Tuesday, December 18, 2012

From "The Aesthetic Dimension: Aesthetics, Politics, Knowledge," by Jacques Rancière

What I call the aesthetic dimension is this: the count of a supplement to the parts that cannot be described as a part itself. It is another kind of relation between sense and sense, a supplement that both reveals and neutralizes the division at the heart of the sensible. Let us call it a dissensus. A dissensus is not a conflict; it is a perturbation of the normal relation between sense and sense. The normal relation, in Platonic terms, is the domination of the better over the worse. Within the game it is the distribution of two complementary and opposite powers in such a way that the only possible perturbation is the struggle of the worse against the better—for instance, the rebellion of the democratic class of desire against the aristocratic class of intelligence. In this case there is no dissensus, no perturbation of the game. There is a dissensus only when the opposition itself is neutralized.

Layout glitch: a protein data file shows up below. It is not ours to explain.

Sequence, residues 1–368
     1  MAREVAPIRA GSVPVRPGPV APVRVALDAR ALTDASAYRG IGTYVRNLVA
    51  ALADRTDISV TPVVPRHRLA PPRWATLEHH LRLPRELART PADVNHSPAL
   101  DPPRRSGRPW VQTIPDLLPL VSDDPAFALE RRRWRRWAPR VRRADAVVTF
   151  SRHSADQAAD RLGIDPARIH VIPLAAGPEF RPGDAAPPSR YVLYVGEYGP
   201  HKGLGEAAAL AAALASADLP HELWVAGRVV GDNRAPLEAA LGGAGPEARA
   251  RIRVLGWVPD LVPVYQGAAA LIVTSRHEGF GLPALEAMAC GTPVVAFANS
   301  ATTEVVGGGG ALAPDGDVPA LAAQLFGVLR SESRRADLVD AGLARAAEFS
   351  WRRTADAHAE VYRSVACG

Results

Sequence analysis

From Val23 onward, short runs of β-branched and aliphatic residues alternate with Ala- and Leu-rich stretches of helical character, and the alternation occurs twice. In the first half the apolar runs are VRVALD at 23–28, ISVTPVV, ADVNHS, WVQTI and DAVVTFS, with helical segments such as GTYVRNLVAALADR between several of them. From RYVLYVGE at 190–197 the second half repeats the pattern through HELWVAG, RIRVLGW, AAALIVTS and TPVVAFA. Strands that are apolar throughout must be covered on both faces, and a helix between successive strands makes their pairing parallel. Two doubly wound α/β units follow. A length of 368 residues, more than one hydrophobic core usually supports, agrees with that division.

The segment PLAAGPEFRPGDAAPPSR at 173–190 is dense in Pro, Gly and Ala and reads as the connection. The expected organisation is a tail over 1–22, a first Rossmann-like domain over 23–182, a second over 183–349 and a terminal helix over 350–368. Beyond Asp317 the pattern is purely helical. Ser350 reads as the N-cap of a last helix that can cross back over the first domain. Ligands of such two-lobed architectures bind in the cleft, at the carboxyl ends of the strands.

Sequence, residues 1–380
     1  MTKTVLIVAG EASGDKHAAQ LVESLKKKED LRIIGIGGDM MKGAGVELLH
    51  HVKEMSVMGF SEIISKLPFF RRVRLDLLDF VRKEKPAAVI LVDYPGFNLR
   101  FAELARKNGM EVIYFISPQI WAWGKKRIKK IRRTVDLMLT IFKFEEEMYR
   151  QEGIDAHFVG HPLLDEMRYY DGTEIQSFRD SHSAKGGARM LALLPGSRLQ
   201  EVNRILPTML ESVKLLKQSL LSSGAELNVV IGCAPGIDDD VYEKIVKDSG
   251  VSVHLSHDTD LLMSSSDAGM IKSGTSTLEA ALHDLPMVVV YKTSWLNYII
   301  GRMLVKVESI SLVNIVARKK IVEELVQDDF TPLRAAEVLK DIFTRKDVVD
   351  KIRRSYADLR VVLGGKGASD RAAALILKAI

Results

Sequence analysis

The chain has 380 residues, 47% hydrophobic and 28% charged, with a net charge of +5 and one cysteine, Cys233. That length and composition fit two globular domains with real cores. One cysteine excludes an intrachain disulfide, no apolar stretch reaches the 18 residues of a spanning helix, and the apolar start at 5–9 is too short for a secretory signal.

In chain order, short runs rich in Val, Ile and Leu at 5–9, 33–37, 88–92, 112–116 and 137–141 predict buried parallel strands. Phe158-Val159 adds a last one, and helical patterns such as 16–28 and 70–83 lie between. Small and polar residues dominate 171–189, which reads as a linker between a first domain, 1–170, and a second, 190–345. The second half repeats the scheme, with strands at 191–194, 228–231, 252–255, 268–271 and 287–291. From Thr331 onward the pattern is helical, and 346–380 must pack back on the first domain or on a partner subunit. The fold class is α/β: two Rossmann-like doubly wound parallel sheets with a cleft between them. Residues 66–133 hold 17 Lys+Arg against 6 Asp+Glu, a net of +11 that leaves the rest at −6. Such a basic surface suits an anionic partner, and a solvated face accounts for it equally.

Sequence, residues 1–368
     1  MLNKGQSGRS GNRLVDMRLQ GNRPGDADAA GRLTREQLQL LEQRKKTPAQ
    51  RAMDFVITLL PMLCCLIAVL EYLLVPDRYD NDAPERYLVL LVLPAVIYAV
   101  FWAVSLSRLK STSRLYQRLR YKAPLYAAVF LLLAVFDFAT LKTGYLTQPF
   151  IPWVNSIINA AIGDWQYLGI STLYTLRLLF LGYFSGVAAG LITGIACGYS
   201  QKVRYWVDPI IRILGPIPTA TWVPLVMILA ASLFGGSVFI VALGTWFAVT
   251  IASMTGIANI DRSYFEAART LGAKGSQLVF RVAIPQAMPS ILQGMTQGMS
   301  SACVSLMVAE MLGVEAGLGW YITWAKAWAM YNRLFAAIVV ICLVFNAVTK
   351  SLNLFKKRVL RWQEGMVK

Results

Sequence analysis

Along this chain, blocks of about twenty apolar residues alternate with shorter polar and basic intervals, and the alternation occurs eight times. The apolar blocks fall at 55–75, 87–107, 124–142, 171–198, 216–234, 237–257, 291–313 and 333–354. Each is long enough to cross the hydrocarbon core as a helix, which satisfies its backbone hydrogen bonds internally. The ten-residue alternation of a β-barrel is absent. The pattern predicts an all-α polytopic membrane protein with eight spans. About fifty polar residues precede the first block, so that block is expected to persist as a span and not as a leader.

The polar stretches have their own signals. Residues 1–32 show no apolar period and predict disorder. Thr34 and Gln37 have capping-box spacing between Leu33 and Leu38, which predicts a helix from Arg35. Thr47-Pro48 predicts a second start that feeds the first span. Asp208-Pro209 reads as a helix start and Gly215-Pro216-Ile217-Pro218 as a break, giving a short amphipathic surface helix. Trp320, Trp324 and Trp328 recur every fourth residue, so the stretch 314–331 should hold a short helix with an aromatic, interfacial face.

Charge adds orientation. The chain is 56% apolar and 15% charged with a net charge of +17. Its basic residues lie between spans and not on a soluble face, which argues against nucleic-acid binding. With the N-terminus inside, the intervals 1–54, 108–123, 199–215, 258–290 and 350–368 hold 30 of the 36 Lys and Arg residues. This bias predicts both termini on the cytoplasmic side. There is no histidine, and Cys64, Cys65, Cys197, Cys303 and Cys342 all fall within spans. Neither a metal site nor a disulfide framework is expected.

This means that neutralization is not at all tantamount to pacification. On the contrary, the neutralization of the opposition between the faculties, the parts of the soul, or the classes of the population is the staging of an excess, a supplement that brings about a more radical way of seeing the conflict.

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